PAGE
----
The stuff of Hollywood

Neil Walker lived the dream on Tuesday night.

The rookie went to the plate for his hometown team, swatted a gigantic home run, and helped the team he had followed as a kid win a big-league game.

Shades of Robert Redford and Kevin Costner, huh?

Nope. It was a real-life event in the good city of Pittsburgh, which hasn't had a whole lot to cheer about lately.

Walker was the Pirates' top draft choice in 2004, after he had starred for Pine-Richland High in Allegheny County.

Called up from triple-A Indianapolis late last month, he had at least one hit in six of his first eight games, including Tuesday's homer, which beat the Cubs, 3-2, in Pittsburgh's PNC Park.

"This goes back to being 5 or 6 years old at Three Rivers Stadium, sitting in peanut heaven," Walker said after the game. "Getting drafted by the Pirates, this is just a Cinderella story. It's incredible.

"I don't know if I can compare this to anything that's ever happened to me. Maybe the day being drafted? I'm really at a loss for words, and I'm usually not at a loss for words. I'm just tremendously happy."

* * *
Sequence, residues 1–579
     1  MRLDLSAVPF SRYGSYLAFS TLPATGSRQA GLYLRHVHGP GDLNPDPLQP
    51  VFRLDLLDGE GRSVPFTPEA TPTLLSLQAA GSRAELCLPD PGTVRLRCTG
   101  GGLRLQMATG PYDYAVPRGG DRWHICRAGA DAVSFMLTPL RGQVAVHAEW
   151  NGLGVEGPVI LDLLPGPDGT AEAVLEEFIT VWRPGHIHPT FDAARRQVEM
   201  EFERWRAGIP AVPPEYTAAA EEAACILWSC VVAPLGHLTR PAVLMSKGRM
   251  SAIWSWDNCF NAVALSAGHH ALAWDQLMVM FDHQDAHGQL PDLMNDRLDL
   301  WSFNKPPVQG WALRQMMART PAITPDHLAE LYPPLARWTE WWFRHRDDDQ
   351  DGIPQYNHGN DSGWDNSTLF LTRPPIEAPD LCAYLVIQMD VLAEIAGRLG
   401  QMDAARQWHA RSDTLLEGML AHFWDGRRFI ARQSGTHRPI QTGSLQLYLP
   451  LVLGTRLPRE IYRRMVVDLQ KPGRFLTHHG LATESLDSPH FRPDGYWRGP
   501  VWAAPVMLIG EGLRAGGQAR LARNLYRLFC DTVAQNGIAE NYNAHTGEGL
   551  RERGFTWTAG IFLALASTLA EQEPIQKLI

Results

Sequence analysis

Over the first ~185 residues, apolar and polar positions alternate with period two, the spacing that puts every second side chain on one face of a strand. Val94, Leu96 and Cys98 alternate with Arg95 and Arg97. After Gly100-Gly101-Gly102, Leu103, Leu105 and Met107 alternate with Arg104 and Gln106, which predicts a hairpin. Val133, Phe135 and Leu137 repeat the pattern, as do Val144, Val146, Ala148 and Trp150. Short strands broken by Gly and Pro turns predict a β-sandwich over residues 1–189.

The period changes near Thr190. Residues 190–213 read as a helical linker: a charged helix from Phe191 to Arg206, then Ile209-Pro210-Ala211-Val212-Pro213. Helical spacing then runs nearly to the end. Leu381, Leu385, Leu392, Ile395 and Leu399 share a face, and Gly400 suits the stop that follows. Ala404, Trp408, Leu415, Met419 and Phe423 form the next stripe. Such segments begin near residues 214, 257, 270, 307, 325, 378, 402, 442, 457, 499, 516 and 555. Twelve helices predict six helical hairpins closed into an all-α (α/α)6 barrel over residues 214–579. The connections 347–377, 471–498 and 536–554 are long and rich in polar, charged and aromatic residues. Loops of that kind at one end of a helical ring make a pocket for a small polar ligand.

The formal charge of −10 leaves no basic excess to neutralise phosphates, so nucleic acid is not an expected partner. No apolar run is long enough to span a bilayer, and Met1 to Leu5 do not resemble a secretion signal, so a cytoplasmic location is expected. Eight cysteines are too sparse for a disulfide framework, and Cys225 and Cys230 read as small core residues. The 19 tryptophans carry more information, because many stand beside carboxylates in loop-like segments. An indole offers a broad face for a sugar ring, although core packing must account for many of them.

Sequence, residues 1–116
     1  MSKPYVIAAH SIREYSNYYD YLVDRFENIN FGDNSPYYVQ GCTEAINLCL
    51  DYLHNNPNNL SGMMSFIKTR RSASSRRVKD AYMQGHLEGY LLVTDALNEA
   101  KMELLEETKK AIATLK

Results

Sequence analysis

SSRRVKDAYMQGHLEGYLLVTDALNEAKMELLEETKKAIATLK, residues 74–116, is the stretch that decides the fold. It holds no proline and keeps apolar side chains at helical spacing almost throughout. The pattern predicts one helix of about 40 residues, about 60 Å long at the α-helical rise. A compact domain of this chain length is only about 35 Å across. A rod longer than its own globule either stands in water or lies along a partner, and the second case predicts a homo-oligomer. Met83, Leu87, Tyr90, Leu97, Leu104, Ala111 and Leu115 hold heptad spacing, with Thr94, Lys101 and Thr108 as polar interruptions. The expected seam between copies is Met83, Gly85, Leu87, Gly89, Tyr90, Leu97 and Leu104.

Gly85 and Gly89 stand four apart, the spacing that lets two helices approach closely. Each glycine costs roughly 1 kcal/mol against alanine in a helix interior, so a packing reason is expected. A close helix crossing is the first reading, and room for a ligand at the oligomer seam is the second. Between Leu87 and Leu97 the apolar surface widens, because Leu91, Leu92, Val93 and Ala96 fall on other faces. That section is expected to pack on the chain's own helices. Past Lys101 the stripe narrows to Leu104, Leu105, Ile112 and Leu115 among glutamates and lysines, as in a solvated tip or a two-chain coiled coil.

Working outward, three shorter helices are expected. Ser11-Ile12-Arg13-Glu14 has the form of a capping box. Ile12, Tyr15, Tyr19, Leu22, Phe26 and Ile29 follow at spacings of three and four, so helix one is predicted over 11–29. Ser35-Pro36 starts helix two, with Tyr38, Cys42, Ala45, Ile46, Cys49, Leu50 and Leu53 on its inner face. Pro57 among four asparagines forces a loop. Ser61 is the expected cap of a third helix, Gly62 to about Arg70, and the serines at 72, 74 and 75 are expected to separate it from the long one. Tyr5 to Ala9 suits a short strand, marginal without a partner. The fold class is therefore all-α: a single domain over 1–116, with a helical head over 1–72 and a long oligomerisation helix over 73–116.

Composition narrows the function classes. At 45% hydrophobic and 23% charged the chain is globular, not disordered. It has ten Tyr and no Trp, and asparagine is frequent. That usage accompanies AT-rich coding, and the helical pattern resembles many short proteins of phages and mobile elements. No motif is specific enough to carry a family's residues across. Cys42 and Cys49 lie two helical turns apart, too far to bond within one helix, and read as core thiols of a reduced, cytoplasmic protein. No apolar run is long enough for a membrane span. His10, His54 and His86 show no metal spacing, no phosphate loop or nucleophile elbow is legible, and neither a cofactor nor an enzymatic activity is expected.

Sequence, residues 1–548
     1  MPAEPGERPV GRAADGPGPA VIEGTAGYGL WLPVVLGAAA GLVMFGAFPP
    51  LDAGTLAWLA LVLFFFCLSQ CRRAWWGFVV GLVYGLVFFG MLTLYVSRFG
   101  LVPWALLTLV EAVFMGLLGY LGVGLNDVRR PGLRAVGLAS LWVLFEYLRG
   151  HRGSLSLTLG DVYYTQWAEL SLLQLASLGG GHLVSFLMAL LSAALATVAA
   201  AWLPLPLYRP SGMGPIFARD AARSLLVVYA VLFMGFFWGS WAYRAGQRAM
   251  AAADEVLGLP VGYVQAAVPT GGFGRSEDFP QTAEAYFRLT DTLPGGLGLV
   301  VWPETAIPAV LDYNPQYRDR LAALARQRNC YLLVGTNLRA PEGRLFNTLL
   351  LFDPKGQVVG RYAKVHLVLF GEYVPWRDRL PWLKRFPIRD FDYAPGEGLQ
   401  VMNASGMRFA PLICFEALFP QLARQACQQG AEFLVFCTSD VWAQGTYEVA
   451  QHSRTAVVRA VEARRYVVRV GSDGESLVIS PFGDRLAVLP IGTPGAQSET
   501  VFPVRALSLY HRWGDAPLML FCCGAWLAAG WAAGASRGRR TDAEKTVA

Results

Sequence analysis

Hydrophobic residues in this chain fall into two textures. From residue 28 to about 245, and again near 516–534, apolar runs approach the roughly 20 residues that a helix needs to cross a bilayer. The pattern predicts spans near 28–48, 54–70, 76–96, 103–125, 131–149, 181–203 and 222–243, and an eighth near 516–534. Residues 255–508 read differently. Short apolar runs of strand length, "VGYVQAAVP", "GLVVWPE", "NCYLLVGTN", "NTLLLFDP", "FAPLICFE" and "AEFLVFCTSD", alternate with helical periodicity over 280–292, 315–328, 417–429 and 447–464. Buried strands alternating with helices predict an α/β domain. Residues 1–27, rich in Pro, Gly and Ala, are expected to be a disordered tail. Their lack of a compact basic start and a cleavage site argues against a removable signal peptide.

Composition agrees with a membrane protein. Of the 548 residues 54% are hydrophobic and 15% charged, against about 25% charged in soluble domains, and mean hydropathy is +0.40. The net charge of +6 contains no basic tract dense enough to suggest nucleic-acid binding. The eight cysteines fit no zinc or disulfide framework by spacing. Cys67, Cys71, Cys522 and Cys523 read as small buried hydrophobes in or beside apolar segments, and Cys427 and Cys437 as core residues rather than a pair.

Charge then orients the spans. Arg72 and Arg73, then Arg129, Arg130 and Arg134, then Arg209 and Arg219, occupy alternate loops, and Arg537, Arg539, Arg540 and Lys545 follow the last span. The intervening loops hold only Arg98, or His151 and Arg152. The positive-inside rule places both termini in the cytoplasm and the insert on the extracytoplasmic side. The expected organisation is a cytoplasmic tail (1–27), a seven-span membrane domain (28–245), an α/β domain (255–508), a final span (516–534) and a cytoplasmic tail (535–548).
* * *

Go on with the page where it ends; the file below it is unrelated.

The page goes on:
Here comes Washington again

With all the buzz about last summer's No.1 draft pick, righthander Stephen Strasburg, making it to the majors this month, it's easy to forget the Nationals have the top pick in this month's draft, too.

By all accounts, the choice will be catcher Bryce Harper of Southern Nevada Community College, a lefthanded power hitter who is still only 17. Huh?

Prompted by uber-agent Scott Boras, Harper left Las Vegas High last spring after his sophomore year. He obtained a General Equivalency Diploma in December and enrolled at SNCC in January.

Since junior college players can enter the draft after one season, Harper is available in what would have been his junior year in high school.

History lesson

Flighty Philadelphians - you know who you are - can take heart from this research done by the Elias Sports Bureau and quoted by Jayson Stark of In the three-game wipeout by the Mets last week, the Phillies got 20 hits and 10 walks in the three shutouts.

Only one team in the last 50 years got more hits in a streak of three straight shutouts - the 1966 Dodgers.

And that team made the World Series.


San Diego activated outfielder Scott Hairston from the 15-day disabled list, where he was healing a strained left hamstring, and sent outfielder Luis Durango to triple A.